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The Science Behind Picky Eaters And What Makes Them Eat That Way

We all have certain childhood memories that continue to make us feel ashamed. Many of mine revolve around picky eating.

I was a terribly picky eater when I was a kid. Unless a meal consisted of chicken nuggets, pizza, macaroni and cheese or skittles, I usually refused to eat it. It drove my parents absolutely insane, and I feel guilty about it to this day.

Fortunately, I eventually grew out of this habit. Much of this had to do with maturing and realizing the importance of trying new things. I also discovered how much I'd been missing out in terms of the amazing array of food out there.

Living, traveling and working in developing countries certainly didn't hurt either.

When people welcome you into their homes and offer you a meal that's come entirely from their yard, you realize how lucky you are to be afforded so many choices in terms of food in the developed world.

At this point, I'll eat just about anything (within reason). Food is one of the most wonderful parts of life. It grants you sustenance, fills you with warmth, brings you together with other people and even teaches you about different cultures.

For all of the above reasons, I've always tried to encourage people to try foods they've never had before. I tell them they don't know what they're missing out on.

Hypocritically, I tell them to stop being so picky. In other words, I attempt to shame them into being more openminded about food.

I've come to realize how wrong that is. This is not to say that we shouldn't encourage kids to eat their vegetables, or pressure reluctant friends to explore new horizons in terms of cuisine.

Yet, if you know someone who habitually exhibits picky-eating habits, don't make him or her feel ashamed. It could be a sign of a much deeper problem.

Picky Eating Can Be A Sign Of An Eating Disorder

A lot of children are picky eaters. It's part of being a kid, and for the most part, it's kind of cute. Most children grow out of it, but that's not the case for everyone. There is no age limit for picky eating.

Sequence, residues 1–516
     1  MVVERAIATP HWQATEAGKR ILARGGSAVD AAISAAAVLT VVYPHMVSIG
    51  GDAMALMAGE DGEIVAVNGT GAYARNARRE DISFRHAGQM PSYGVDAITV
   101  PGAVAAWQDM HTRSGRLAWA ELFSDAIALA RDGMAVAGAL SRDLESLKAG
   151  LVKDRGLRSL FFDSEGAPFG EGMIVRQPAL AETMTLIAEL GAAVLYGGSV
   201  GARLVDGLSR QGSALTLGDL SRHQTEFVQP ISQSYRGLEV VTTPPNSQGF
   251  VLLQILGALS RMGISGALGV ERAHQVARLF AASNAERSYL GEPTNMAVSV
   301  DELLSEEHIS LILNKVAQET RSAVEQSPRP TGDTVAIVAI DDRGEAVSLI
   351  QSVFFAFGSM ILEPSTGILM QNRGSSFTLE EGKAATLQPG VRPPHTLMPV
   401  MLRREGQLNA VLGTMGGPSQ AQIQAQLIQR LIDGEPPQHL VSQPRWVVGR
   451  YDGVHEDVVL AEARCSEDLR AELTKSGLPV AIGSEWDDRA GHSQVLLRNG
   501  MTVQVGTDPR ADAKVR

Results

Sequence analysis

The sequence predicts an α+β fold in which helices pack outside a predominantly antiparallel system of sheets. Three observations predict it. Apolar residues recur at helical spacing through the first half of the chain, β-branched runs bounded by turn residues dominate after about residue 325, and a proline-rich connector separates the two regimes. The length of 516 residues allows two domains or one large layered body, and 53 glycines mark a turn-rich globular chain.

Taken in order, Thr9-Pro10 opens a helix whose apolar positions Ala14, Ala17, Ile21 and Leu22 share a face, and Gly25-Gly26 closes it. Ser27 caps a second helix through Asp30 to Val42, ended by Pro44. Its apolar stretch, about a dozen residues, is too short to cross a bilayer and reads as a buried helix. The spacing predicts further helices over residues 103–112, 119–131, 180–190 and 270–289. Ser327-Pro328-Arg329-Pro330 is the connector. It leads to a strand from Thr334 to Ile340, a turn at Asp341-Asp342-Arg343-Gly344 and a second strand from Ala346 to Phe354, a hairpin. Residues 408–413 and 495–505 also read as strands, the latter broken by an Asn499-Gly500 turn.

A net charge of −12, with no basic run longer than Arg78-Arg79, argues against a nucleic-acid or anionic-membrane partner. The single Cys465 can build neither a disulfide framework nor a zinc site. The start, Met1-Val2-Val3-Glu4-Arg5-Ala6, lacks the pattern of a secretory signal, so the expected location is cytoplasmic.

You might be quick to view an adult picky eater as a spoiled, close-minded or entitled individual. In truth, however, they could be suffering from an eating disorder known as Avoidant/Restrictive Food Intake Disorder (ARFID), sometimes referred to as Adult Picky Eating or Selective Eating Disorder.

According to the DSM, a psychiatric reference book, ARFID can be defined as:

An eating or feeding disturbance (e.g., apparent lack of interest in eating or food; avoidance based on the sensory characteristics of food; concern about aversive consequences of eating) as manifested by persistent failure to meet appropriate nutritional and/or energy needs associated with one (or more) of the following:

- Significant weight loss (or failure to achieve expected weight gain or faltering growth in children).

- Significant nutritional deficiency.

- Dependence on enteral feeding or oral nutritional supplements.

- Marked interference with psychosocial functioning.

In other words, picky eating is not simply a matter of choice for some people. It can become so serious that it impacts a person's physical and mental health, as well as his or her ability to eat in social settings.

People with ARFID avoid certain foods out of anxiety or fear. They might feel anxious over the texture of the food, or they might fear it will cause them to vomit or choke.

As the Center for Eating Disorders notes:

Individuals with ARFID may have problems at school or work because of their eating problems – such as avoiding work lunches, not getting schoolwork done because of the time it takes to eat, or even avoiding seeing friends or family at social events where food is present. A good example would be a young boy who almost choked on a hot dog one time, but now refuses to eat any type of solid food and can't eat school lunches or even enjoy a taste of his own birthday cake.

Indeed, due to the ridicule they might experience from family members or peers, individuals with ARFID avoid eating in public or sometimes just don't eat at all.

More commonly known eating disorders, such as anorexia or bulimia, are often a product of issues with body image. This is not the case with ARFID, but that doesn't mean it's not a real eating disorder.

No one should be made to feel ashamed for something he or she cannot control. Not to mention, people often suffer from ARFID because they are already anxious about people judging them for their food choices.

With that said, this doesn't mean every person who's picky about food has an eating disorder. Still, this is a healthy reminder that we can never really fully understand why people are the way they are.

We're all a product of our own individual experiences. Some of our preferences or behaviors are a consequence of childhood traumas long forgotten.

Humans are inherently complex, and we should not be judged for any single behavior, thought, belief or action. We all have the capacity to change and grow.

Citations: ARFID (Center For Eating Disorders), Is Picky Eating an Eating Disorder Living With Selective Eating Disorder and No Vegetables (Huffington Post), http://www.wsj.com/news/articles/SB10001424052748704699604575343130457388718 (Wall Street Journal ), What is ARFID (Center for Eating Disorders )